Get Out

My only regret with this film is that I already knew the big reveal beforehand from watching a spoiler-filled review. I’ve no idea why I did this to myself, I can’t even blame the reviewer who was thoughtful enough to include a spoiler warning – but I just kept on watching. The movie was still hugely enjoyable and suspenseful, and had other twists and surprises up its sleeve, I just wish I came into it knowing as little as possible.

The hero of Get Out is Chris (Daniel Kaluuya, in an instantly sympathetic turn), a young black man who is about to meet the parents of his white girlfriend Rose (Allison Williams) for the first time in their affluent rural home. Rose never told her parents that her boyfriend is black, and Chris worries about their reception despite Rose’s assurances that her father would have voted for Obama a third time if he could. A different, simpler movie might have played it so that Rose’s parents are awful in an obvious racist way, but in Get Out Chris’s visit turns into a nightmare because Rose’s liberal neurosurgeon father and psychiatrist/hypnotherapist mother are just so hellbent on broadcasting how totally fine they are with Chris. But this awkwardness might be the least of his problems, as he gets increasingly creeped out by the very odd behaviour of the other two black people in the house, a groundsman and a housekeeper. They move around the place in a ghostly, silent manner, and when Chris tries to be friendly with them they’re cold and just plain unnerving.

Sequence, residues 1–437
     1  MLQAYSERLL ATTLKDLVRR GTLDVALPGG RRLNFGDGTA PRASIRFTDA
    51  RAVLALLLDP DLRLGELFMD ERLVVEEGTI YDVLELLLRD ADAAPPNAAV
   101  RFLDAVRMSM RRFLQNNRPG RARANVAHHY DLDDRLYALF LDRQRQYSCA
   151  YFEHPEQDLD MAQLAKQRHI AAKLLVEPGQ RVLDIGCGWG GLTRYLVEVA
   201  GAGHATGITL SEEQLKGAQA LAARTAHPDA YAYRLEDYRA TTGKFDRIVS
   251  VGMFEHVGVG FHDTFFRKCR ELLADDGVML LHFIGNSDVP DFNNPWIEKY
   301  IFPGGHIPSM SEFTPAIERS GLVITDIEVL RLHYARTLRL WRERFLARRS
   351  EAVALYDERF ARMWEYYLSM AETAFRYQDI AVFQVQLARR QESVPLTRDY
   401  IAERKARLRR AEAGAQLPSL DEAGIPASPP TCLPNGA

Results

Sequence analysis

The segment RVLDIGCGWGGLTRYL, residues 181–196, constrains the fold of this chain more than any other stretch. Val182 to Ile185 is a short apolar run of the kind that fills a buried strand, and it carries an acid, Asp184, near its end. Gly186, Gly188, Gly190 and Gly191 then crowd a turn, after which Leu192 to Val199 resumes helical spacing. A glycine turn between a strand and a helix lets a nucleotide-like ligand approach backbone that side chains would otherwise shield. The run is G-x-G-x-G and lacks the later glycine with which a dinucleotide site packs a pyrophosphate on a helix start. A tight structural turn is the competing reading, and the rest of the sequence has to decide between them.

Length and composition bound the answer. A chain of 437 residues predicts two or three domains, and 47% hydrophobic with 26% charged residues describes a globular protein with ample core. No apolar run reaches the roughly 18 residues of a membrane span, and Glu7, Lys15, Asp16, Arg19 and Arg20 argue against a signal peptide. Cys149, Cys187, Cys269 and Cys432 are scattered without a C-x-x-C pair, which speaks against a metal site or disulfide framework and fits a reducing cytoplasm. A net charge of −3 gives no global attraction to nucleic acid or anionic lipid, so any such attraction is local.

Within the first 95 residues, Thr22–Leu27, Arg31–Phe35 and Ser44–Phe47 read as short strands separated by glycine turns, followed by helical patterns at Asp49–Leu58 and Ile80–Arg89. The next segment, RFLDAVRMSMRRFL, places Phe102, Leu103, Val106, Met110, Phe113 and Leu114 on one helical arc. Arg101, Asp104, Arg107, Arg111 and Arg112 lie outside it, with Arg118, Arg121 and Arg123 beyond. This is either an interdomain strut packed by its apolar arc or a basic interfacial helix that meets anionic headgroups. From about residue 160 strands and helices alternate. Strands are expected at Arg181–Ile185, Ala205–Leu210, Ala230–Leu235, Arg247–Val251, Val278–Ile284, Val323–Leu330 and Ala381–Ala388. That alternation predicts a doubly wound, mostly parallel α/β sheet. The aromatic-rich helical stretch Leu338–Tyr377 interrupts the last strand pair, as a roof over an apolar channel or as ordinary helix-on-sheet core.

If you briefly summarised the main mystery to someone who hasn’t watched the film it would sound incredibly silly, but it totally works in the context of the film, much like the potentially silly reveal of The Stepford Wives works in Ira Levin’s classic satirical thriller (Ira Levin I think would have enjoyed Get Out a lot). It takes care to lay the foundations for the reveal, so that when it happens it’s genuinely horrifying rather than inviting ridicule. There are certainly implausibilities, but you’re generally too busy being carried away by the film and its suburban-Gothic vibe to stop for nitpicking. It’s a superbly made thriller that juggles horror and humour, most of the latter coming from Chris’s lovable best friend Rod (Lil Rel Howery), TSA Officer whose natural inclinations to conspiracy theories come in handy.

One unexpected delight of the film for me was its score, which often sounds like it was lifted from the old-school horror movies with their shrieking violins, an interesting juxtaposition with the modern-day setting. My Mum who watched the film with me remarked that, just when you think that nothing new can be done anymore, a film like this comes along, and yes Get Out is the sort of fresh take on the genre you cherish.

P.S. The actor who plays Rose’s douchy brother looked naggingly familiar to me, and I only realised later that the same guy played the sweet-natured Banshee in X-Men: First Class. He’s certainly no sweetikins here!

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